The 2018-19 school year is underway!  And, in recent years, stories about teacher shortages, long-term substitutes, and other staffing issues have become a staple of back-to-school reporting.

The National Council on Teacher Quality lays out the facts about the issue.

  • Only half the people who graduate from teacher prep programs actually take teaching jobs as new teachers in any given year. One reason is that teacher prep programs generally produce about twice as many education graduates as schools are hiring—they’re just not producing the types of teachers that most schools need.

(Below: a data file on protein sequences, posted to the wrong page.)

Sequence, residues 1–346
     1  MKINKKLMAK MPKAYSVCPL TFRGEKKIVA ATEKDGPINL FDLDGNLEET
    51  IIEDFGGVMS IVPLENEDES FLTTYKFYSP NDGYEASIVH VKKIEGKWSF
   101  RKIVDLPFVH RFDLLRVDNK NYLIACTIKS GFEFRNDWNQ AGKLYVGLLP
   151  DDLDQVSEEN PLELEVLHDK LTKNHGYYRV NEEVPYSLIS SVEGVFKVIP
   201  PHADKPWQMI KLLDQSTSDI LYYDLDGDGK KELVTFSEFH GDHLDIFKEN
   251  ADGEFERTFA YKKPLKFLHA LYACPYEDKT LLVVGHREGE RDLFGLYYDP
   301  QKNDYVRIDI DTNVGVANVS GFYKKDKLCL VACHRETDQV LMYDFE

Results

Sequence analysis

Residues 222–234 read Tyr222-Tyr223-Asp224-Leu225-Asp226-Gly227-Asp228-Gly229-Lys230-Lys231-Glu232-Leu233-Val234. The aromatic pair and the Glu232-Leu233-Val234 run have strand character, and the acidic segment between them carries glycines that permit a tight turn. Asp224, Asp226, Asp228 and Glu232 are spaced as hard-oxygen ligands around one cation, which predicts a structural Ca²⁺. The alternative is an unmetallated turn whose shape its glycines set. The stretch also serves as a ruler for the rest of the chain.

• The teacher workforce is growing. There were over 3.8 million public school teachers in the 2015-16 school year—an increase of 13 percent (about 400,000 teachers) in four years, while the student population has stayed constant during that same period.
  • Shortages are much greater in some subjects than others. Elementary education majors are consistently the most common area of initial certification, and yet schools don’t need to hire nearly as many as are produced. The teachers that schools have the most difficulty finding are those with STEM and special education certifications.
  • These shortages are nothing new. States have reported many of these same shortage areas for decades.